Milan Lucic wakes from slumber to further Bruinization of Oilers

The Edmonton Oilers almost ruined Nashville Predators defenceman P.K. Subbans return to the lineup with a late game-tying goal, but the Preds pulled out a win in the shootout.

There was a time, not so long ago, when the Edmonton Oilers simply couldn’t handle a game like this one. And they knew it.

If a visiting team arrived in ill humour, threw a few hits and put some gloves in some faces, the home team simply packed ‘er in. Slinked off in search of ice, they did, so the other team’s post-game celebration beers would be properly chilled.

There are no secrets in the National Hockey League. Everyone inside the game knew it. The Oilers were too small and not brave enough. A bunch of sweethearts, with little belief in each other, a poor sense of team, and outside a slugger on the fourth line, absolutely zero team toughness.

Then the new general manager came to town and it just so happened that Peter Chiarelli’s last gig had been in Boston. If you’ve read this far, I don’t have to explain to you what that means.

The Bruinization of the Oilers continued Friday night in a 3-2 shootout loss to the Nashville Predators in which Milan Lucic came out of his month-long slumber to play a major role. There were fights, lots of hits, and a ton of physical play.

And for a change, the Oilers hung around until the final bell.

“That goes to our team toughness. Guys sticking up for themselves and their teammates,” said Lucic, who grew up in the NHL a Bruin. “You don’t need the most talented team — it’s just guys having each other’s backs. We had a lot of talent in Boston but what made us a championship team was we had each other’s backs.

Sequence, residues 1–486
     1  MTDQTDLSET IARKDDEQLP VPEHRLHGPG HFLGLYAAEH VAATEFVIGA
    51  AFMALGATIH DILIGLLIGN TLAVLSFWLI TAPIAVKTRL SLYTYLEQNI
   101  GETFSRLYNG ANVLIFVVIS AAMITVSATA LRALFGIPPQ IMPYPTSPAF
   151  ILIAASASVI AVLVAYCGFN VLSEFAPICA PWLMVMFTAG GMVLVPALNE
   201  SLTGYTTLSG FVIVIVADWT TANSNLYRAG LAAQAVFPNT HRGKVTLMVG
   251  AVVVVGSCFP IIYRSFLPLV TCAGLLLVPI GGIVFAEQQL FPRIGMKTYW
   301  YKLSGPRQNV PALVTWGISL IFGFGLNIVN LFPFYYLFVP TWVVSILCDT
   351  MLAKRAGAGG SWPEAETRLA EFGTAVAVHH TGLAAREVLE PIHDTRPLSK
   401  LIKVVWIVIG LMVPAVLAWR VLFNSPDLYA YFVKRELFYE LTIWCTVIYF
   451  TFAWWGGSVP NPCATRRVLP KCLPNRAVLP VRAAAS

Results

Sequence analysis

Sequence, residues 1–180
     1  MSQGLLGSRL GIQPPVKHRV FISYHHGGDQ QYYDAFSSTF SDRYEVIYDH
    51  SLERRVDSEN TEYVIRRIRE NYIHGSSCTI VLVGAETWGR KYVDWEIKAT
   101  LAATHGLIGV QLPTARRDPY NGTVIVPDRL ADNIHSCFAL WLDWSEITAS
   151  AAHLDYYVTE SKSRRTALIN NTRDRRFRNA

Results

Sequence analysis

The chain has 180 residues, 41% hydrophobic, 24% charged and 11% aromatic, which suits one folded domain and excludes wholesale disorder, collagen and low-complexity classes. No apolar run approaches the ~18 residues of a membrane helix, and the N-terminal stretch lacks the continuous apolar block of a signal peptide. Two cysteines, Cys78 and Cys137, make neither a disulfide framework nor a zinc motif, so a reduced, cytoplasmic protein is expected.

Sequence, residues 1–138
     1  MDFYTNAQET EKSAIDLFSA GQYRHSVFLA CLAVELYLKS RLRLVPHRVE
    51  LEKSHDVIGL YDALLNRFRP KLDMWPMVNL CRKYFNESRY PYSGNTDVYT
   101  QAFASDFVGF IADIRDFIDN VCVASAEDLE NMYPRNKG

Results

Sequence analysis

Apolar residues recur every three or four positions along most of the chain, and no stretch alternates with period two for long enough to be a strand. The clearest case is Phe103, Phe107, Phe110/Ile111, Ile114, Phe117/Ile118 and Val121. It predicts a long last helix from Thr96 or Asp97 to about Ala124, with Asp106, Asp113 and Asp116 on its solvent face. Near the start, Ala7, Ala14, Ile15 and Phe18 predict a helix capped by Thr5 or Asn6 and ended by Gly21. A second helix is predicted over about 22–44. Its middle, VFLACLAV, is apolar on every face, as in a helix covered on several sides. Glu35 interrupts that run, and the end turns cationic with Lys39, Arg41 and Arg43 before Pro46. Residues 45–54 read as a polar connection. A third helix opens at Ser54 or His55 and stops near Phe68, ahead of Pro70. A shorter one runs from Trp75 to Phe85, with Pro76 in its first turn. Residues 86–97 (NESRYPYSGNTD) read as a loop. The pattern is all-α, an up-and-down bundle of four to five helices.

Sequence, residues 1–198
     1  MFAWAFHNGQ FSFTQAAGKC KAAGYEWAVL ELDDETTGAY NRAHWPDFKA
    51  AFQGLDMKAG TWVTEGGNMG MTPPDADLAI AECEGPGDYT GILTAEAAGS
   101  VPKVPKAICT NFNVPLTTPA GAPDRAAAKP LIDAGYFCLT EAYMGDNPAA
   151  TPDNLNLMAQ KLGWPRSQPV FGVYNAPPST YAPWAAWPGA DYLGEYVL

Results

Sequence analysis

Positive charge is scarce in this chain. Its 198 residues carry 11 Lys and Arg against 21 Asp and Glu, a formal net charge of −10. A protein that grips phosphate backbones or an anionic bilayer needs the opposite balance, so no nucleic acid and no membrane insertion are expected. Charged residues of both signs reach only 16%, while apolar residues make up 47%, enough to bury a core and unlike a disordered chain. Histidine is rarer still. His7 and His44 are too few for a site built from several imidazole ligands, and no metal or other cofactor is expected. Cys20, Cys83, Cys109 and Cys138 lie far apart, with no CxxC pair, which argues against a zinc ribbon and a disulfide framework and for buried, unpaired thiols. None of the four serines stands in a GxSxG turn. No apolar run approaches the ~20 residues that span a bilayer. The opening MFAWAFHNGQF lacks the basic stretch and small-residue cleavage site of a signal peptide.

“No one was going to come into our building and start pushing us around, and vice versa — we had the ability to go into other people’s buildings and push them around. You knew that if you were engaged, the guy beside you had your back. We’re starting to believe in each other [in Edmonton], as far as that goes. We need that belief to continue if we want to keep having team success.”

Edmonton wasn’t the better team Friday. Nashville was. The Predators, with P.K. Subban back in their lineup, deserved the two points.

The point is, you never know when a game like this is going to present itself. When it does, and you are completely unable or unwilling to participate in it, guess what?

Word gets around. Now that game finds you more and more often.

“We’re constructed to play the game however it’s presented,” said head coach Todd McLellan. “I think we can play a fast game, or a quick game — and to me those are different things. I think we can play a calculated game, I think we can play a checking game. We certainly can play a rough and tough game.

“Tonight was a combination of a little bit of everything,” he said. “We found a way to get a point. Maybe that’s what we deserved.”

This one would never have made OT had Cam Talbot not been fabulous in Edmonton’s nets, stopping 42 shots. With the Oilers trailing 2-1 late, Lucic absolutely blew up six-foot-four winger Austin Watson behind the net. Seconds later, Watson took a dumb retaliatory penalty on Lucic.

Lucic’s ensuing powerplay goal tied the game, his first goal in 14 games and 11th on the season. More concerning, Lucic had gone 20 games without a penalty minute.

Somehow, Lucic is that player for whom PIMs and points are linked. And he knows it.

“The emotional part is a big part of my game. I probably wasn’t good enough in the last month,” he admitted. “Sometimes it’s tough to find a wiling combatant in this day and age of the NHL but it’s just a matter of playing hard … and sometimes making the other team react [instead of giving them the option].

“I don’t think I have done a very good job of that, as of late.”

“That’s what we need from him, night in and night out,” said Talbot.

Edmonton heads to Calgary Saturday for a Hockey Night in Canada tilt, having grabbed nine points on a now complete six-game home stand. They’re seven points ahead of both wildcard teams Calgary and Nashville.

And games like this one? Well, it’s the old hockey maxim: The tougher you are, the less you have to fight. Edmonton proved Friday that it could give as good it gets, and that’s a line we haven’t used in a decade in this town.

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